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J Emerg Med. 1986;4(1):43-7.

Gastric lavage.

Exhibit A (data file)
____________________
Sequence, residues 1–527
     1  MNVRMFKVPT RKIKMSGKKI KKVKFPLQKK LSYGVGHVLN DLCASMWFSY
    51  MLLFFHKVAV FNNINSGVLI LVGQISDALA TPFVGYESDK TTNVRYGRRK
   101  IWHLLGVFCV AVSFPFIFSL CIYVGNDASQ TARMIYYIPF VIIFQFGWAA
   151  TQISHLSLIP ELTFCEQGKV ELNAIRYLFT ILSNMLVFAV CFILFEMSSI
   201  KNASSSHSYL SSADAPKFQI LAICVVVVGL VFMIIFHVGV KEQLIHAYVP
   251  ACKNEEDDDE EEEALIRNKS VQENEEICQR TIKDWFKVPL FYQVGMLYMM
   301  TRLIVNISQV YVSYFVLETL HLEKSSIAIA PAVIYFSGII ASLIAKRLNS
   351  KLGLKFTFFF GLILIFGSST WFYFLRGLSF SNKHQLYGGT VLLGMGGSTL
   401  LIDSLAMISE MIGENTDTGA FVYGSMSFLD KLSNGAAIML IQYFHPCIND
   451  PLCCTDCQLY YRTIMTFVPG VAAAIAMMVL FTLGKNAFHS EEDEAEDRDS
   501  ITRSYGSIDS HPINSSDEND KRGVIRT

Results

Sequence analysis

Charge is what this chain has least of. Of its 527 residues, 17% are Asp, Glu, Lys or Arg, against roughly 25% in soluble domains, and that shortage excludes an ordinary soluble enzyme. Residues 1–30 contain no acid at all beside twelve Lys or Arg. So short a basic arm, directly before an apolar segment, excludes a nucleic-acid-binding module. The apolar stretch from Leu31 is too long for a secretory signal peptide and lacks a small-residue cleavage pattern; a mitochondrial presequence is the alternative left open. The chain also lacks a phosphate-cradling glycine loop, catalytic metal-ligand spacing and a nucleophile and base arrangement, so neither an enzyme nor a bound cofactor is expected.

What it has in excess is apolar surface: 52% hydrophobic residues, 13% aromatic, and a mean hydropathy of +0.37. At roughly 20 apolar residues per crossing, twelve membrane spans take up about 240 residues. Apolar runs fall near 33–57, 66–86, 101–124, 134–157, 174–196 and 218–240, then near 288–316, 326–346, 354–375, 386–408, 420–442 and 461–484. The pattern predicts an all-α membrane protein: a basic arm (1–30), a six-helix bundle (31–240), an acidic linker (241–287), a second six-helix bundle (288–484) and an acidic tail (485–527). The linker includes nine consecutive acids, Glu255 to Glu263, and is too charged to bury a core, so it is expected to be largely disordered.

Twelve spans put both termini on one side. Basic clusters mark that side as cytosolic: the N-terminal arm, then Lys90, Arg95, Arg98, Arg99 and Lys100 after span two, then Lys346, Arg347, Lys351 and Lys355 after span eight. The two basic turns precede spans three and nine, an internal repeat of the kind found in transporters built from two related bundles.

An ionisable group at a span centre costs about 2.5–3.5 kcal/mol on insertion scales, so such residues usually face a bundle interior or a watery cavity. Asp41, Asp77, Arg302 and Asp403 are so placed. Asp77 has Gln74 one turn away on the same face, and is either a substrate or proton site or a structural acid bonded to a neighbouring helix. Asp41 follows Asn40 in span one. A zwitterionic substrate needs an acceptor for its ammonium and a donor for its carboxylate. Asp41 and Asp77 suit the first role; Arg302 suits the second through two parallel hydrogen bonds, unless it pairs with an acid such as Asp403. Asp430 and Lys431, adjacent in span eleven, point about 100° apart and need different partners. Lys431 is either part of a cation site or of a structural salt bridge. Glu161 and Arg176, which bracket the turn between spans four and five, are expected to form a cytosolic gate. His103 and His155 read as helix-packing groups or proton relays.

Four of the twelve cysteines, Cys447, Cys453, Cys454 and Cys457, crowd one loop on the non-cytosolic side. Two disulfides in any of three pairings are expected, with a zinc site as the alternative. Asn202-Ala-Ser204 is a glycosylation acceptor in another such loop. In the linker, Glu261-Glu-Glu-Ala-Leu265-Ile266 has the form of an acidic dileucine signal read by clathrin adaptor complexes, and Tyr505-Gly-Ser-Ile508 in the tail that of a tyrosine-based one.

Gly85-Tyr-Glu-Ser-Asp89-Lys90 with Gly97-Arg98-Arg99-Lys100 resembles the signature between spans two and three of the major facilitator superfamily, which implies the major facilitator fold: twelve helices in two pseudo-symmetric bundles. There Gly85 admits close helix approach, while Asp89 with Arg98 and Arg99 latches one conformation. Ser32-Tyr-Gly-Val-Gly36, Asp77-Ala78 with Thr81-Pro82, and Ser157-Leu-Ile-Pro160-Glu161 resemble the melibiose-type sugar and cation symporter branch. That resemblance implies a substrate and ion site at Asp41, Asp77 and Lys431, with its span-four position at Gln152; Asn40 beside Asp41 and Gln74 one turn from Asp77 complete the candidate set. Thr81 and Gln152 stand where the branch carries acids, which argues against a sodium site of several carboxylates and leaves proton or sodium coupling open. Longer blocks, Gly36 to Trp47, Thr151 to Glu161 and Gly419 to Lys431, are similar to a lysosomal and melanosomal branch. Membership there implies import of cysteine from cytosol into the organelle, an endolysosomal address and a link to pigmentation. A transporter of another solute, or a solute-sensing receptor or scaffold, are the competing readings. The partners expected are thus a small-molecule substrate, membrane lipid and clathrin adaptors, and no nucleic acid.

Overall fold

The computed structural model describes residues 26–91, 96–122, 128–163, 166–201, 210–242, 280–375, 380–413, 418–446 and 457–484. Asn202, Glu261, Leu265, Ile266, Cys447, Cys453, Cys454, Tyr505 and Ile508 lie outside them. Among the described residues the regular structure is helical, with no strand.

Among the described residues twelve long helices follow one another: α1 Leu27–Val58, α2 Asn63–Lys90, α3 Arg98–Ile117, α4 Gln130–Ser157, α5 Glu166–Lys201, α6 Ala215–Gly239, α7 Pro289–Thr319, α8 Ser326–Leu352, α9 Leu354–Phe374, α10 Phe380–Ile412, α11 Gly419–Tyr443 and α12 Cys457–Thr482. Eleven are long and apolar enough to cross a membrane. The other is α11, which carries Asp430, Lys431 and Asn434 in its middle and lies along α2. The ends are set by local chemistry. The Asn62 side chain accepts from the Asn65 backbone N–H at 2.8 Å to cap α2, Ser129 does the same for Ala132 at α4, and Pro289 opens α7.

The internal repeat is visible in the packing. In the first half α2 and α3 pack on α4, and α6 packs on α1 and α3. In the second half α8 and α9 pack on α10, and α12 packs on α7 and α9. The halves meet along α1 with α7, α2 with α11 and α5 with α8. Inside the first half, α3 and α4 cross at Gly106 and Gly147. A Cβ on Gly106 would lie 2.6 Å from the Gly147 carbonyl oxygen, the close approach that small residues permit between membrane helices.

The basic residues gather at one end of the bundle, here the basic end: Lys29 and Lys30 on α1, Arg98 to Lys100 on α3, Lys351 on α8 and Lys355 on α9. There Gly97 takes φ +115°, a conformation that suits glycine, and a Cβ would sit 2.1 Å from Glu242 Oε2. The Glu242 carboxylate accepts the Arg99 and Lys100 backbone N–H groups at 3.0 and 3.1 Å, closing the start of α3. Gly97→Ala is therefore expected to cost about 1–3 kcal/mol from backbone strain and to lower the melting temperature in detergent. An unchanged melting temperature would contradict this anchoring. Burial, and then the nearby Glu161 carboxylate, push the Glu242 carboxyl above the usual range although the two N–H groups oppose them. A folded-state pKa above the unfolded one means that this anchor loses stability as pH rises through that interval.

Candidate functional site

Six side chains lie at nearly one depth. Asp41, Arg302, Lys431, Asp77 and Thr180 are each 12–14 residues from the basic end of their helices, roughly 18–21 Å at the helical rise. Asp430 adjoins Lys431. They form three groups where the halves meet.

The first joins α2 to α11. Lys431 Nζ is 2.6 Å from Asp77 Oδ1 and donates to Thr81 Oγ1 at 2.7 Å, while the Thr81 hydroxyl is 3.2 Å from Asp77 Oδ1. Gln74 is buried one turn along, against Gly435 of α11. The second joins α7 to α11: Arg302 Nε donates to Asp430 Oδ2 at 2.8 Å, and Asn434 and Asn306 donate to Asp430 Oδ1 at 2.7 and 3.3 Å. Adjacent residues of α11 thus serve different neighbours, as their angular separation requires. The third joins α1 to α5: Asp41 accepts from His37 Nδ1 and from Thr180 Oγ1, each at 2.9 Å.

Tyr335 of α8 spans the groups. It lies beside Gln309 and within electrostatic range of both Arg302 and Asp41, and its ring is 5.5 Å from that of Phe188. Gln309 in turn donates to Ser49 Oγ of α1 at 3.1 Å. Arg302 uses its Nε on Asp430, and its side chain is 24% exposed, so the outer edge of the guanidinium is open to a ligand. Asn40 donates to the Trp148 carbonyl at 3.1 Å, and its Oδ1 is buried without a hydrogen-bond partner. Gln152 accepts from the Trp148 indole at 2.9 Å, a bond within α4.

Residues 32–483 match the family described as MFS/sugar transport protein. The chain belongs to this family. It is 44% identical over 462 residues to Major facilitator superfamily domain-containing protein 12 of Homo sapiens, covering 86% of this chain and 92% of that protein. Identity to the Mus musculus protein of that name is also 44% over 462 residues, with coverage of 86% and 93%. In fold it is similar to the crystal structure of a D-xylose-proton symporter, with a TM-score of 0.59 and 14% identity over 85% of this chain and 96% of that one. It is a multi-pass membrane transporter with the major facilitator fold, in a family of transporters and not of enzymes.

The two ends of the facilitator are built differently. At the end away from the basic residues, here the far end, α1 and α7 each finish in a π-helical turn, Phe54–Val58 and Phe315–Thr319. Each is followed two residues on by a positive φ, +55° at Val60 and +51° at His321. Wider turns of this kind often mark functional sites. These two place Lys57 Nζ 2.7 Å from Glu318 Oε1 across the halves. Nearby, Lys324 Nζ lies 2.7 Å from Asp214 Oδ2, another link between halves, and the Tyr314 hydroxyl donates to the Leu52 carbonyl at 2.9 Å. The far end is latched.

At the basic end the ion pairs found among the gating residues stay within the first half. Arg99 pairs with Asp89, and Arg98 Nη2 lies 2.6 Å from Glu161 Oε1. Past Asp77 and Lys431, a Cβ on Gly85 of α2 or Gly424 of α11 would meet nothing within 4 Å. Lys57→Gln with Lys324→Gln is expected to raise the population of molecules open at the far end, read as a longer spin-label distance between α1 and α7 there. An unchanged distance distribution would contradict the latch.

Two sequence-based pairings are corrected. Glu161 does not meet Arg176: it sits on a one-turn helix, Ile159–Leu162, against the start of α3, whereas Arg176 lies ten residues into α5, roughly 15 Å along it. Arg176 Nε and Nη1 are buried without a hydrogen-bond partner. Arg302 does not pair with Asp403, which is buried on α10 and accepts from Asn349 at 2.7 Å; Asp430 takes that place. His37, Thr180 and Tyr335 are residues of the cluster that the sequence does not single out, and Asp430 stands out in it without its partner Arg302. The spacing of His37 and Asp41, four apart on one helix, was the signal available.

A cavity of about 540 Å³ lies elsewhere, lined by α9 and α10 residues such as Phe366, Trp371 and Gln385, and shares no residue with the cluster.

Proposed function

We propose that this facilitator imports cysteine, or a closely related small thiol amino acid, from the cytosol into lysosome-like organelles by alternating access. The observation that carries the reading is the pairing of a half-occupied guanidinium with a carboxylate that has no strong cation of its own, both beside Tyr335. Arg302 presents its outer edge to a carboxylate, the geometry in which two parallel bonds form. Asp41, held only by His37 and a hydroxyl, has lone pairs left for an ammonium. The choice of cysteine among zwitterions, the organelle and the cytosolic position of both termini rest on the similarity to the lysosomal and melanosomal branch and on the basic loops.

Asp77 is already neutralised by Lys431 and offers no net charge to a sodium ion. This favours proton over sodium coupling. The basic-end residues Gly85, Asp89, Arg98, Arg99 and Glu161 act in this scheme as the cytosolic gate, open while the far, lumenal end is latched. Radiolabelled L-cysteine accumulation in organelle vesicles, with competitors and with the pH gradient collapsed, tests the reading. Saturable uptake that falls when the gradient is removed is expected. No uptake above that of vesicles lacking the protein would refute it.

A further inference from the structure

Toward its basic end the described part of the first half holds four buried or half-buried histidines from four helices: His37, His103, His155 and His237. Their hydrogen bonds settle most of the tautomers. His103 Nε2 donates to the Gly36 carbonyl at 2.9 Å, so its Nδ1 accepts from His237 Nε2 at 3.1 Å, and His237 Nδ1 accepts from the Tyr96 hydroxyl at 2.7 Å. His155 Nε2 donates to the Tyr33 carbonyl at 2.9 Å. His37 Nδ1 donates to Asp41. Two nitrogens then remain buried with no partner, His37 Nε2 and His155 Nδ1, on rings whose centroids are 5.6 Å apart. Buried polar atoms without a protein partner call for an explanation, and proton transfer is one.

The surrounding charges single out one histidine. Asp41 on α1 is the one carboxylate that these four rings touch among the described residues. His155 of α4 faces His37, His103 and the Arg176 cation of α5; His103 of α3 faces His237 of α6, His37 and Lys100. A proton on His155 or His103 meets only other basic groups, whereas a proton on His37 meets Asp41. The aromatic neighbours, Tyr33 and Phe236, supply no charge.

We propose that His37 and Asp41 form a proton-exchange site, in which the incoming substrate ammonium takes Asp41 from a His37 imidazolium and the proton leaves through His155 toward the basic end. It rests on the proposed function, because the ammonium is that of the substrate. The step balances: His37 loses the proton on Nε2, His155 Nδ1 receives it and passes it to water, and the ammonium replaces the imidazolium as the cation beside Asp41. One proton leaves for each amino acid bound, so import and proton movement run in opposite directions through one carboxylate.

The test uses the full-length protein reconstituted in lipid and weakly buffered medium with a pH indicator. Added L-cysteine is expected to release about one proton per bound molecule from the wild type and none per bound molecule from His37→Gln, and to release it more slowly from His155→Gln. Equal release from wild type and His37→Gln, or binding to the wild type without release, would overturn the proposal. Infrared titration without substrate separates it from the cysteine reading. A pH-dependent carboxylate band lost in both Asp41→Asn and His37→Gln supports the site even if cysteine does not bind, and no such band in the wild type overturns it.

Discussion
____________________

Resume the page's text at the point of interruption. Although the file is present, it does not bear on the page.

Gastric lavage has been used to manage toxic ingestions since the early 1800s. The entire realm of gastrointestinal decontamination has been extensively studied for the past 30 years. Recommendations are still evolving and remain controversial. The current indications for lavage are obtundation, unprotected airway, seizures, the need for urgent removal, and the tendency to form concretions. Hydrocarbon management depends on specific toxicity and viscosity. Contraindications for this procedure are insignificant ingestions, prolonged time since ingestion, and caustic poisoning. Proper technique minimizes complications and maximizes toxin removal. Activated charcoal and a cathartic are given after lavage. Complications include nasal trauma, esophageal perforation, tracheal intubation, aspiration, electrolyte imbalance, and hypothermia.

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